Scientists show how social interaction and teamwork lead to human intelligence

Apr 19, 2012

Scientists have discovered proof that the evolution of intelligence and larger brain sizes can be driven by cooperation and teamwork, shedding new light on the origins of what it means to be human. The study appears online in the journal Proceedings of the Royal Society B and was led by scientists at Trinity College Dublin: PhD student, Luke McNally and Assistant Professor Dr Andrew Jackson at the School of Natural Sciences in collaboration with Dr Sam Brown of the University of Edinburgh.

The researchers constructed computer models of artificial organisms, endowed with artificial brains, which played each other in classic games, such as the 'Prisoner's Dilemma', that encapsulate . They used 50 simple brains, each with up to 10 internal processing and 10 associated memory nodes.

The brains were pitted against each other in these classic games. The game was treated as a competition, and just as real life favours successful individuals, so the best of these digital organisms which was defined as how high they scored in the games, less a penalty for the size of their brains were allowed to reproduce and populate the next generation of organisms.

By allowing the brains of these digital organisms to evolve freely in their model the researchers were able to show that the transition to cooperative society leads to the strongest selection for bigger brains. Bigger brains essentially did better as cooperation increased.

The that emerge spontaneously in these bigger, more intelligent brains show complex memory and decision making. Behaviours like forgiveness, patience, deceit and Machiavellian trickery all evolve within the game as individuals try to adapt to their .

"The strongest selection for larger, more intelligent brains, occurred when the social groups were first beginning to start cooperating, which then kicked off an evolutionary Machiavellian arms race of one individual trying to outsmart the other by investing in a larger . Our digital organisms typically start to evolve more complex 'brains' when their societies first begin to develop cooperation." explained Dr Andrew Jackson.

The idea that social interactions underlie the evolution of intelligence has been around since the mid-70s, but support for this hypothesis has come largely from correlative studies where large brains were observed in more social animals. The authors of the current research provide the first evidence that mechanistically links decision making in social interactions with the evolution of intelligence.

This study highlights the utility of evolutionary models of artificial intelligence in answering fundamental biological questions about our own origins.

"Our model differs in that we exploit the use of theoretical experimental evolution combined with artificial neural networks to actually prove that yes, there is an actual cause-and-effect link between needing a large brain to compete against and cooperate with your social group mates."

"Our extraordinary level of intelligence defines mankind and sets us apart from the rest of the animal kingdom. It has given us the arts, science and language, and above all else the ability to question our very existence and ponder the origins of what makes us unique both as individuals and as a species," concluded PhD student and lead author Luke McNally.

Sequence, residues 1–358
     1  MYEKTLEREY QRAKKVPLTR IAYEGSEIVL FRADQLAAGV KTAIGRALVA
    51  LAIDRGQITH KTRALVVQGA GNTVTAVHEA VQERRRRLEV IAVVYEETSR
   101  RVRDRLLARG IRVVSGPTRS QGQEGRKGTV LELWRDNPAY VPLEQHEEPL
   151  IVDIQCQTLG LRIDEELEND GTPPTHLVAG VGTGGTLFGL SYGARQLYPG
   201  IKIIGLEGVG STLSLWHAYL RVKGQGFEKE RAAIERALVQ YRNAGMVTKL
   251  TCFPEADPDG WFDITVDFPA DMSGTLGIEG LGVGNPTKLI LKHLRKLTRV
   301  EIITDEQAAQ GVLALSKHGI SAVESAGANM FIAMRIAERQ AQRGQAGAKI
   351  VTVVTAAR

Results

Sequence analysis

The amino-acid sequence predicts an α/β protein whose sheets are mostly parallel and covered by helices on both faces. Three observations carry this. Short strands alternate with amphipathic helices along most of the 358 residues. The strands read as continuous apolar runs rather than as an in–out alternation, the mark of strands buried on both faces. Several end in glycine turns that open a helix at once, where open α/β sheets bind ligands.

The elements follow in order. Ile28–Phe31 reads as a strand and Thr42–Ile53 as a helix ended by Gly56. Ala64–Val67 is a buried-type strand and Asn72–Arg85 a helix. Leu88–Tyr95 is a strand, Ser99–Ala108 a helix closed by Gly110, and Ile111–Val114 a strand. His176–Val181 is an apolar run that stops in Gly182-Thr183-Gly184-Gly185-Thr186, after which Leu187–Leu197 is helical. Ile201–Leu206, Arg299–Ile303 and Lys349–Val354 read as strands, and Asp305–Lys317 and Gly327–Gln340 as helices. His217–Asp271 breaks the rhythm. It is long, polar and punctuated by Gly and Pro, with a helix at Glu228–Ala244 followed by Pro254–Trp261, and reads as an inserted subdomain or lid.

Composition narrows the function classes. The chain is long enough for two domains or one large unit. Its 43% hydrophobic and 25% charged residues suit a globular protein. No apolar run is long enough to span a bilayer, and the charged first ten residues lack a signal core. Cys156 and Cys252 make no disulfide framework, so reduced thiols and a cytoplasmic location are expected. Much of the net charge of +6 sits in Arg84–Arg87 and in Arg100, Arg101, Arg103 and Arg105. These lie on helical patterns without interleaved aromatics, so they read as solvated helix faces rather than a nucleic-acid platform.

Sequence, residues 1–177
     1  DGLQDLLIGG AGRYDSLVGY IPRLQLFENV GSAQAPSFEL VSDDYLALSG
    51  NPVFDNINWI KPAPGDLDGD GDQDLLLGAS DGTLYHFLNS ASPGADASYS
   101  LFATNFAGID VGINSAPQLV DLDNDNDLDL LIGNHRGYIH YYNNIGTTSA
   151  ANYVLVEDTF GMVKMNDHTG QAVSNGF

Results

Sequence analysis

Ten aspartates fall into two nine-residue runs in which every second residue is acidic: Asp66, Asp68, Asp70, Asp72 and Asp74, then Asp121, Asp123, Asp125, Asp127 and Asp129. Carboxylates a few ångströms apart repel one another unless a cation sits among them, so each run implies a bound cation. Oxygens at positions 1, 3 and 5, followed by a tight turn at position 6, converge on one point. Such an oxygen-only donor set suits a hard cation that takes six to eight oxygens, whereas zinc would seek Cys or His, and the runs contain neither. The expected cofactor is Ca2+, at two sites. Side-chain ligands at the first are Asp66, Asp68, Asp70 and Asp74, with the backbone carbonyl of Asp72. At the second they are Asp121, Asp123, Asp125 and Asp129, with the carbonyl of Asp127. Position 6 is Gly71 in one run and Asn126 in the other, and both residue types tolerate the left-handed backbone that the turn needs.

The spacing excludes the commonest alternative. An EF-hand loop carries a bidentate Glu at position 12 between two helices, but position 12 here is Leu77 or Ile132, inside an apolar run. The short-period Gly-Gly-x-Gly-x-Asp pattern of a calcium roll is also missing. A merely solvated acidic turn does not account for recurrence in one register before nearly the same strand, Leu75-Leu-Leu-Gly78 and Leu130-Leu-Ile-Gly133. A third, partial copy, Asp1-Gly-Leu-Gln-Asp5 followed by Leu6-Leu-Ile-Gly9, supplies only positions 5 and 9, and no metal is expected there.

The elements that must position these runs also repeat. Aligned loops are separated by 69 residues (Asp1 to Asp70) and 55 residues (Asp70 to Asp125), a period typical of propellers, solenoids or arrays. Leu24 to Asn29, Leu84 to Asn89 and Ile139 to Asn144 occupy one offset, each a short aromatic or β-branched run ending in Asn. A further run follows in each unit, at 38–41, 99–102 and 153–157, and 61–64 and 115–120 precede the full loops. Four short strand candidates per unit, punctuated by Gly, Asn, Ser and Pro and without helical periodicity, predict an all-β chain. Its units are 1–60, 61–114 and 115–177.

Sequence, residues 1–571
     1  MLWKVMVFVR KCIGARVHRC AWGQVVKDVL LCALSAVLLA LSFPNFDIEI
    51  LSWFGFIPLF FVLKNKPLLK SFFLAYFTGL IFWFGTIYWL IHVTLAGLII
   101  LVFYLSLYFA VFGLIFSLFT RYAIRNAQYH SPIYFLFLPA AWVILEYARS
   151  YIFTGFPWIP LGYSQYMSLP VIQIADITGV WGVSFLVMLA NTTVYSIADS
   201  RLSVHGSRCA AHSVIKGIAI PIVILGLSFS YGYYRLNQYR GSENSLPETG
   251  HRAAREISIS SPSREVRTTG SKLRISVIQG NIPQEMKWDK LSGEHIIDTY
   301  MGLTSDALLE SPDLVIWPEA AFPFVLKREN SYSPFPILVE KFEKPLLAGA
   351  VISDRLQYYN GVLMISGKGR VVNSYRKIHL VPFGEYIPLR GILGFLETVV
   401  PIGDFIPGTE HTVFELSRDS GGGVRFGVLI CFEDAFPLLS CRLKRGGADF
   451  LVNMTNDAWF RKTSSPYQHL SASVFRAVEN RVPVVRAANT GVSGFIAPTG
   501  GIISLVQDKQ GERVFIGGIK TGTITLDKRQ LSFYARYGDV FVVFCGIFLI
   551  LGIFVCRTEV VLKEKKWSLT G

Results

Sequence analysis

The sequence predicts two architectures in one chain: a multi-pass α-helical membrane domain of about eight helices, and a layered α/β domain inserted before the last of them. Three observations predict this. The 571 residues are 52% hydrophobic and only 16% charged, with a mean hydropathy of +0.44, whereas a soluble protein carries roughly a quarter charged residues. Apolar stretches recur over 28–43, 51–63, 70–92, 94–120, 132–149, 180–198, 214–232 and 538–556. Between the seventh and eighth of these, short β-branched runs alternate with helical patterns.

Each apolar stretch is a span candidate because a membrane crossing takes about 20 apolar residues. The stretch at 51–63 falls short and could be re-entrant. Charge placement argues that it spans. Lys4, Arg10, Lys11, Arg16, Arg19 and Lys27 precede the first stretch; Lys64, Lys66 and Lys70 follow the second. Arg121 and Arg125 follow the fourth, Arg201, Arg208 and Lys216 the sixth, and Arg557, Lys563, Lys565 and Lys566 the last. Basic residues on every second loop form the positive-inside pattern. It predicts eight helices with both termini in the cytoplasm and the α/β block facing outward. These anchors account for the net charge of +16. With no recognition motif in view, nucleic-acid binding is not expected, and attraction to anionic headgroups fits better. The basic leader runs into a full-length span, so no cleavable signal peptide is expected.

Explore further: Fruit colours evolved to please picky birds, study says

Related Stories

Socialising led to bigger brains in some mammals

Nov 23, 2010

(PhysOrg.com) -- Over millions of years dogs have developed bigger brains than cats because highly social species of mammals need more brain power than solitary animals, according to a study by Oxford University.

Big-brained birds survive better in nature

Jan 10, 2007

Birds with brains that are large in relation to their body size have a lower mortality rate than those with smaller brains, according to new research published in the journal Proceedings of the Royal Society B: Biological Sc ...

The protective brain hypothesis is confirmed

Jul 16, 2010

"In the past, it was thought that one of the selective advantages of having a large brain is that it facilitates the development of new behaviour to respond to the ecological challenges that the individual has not experienced ...

Recommended for you

Organismal biologists needed to interpret new trees of life

Jul 16, 2014

Rapidly accumulating data on the molecular sequences of animal genes are overturning some standard zoological narratives about how major animal groups evolved. The turmoil means that biologists should adopt guidelines to ...

User comments : 3

Adjust slider to filter visible comments by rank

Display comments: newest first

Squirrel
5 / 5 (1) Apr 19, 2012
PROOF! PROOF! This work may or may not provide a small advance on the problem of origins but using the word "proof" discredits. It offers no such thing. "Proof" means more than "possible suggestive evidence" which is all they have found.
Yogaman
3 / 5 (1) Apr 19, 2012
Um, Squirrel.

Though your definition of proof seems correct, you appear not to have carefully read the article author's sentence. The researchers actually did prove that some brain models can evolve to become bigger and more intelligent, as defined by success in the experiment.
nuge
not rated yet Apr 20, 2012
Um, Yogaman.

That thing you just said (success in the experiment), that's the exact "possible suggestive evidence" that Squirrel was referring to. It does not constitute proof.